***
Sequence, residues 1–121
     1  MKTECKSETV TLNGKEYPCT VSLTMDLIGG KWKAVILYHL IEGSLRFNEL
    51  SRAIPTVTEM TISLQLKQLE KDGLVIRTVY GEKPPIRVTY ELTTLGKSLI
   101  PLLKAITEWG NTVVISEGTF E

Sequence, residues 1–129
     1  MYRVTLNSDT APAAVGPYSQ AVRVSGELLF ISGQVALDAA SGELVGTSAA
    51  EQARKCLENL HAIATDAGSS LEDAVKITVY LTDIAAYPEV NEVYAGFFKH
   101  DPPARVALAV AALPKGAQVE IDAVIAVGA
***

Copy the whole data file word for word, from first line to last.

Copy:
Sequence, residues 1–121
     1  MKTECKSETV TLNGKEYPCT VSLTMDLIGG KWKAVILYHL IEGSLRFNEL
    51  SRAIPTVTEM TISLQLKQLE KDGLVIRTVY GEKPPIRVTY ELTTLGKSLI
   101  PLLKAITEWG NTVVISEGTF E

Sequence, residues 1–129
     1  MYRVTLNSDT APAAVGPYSQ AVRVSGELLF ISGQVALDAA SGELVGTSAA
    51  EQARKCLENL HAIATDAGSS LEDAVKITVY LTDIAAYPEV NEVYAGFFKH
   101  DPPARVALAV AALPKGAQVE IDAVIAVGA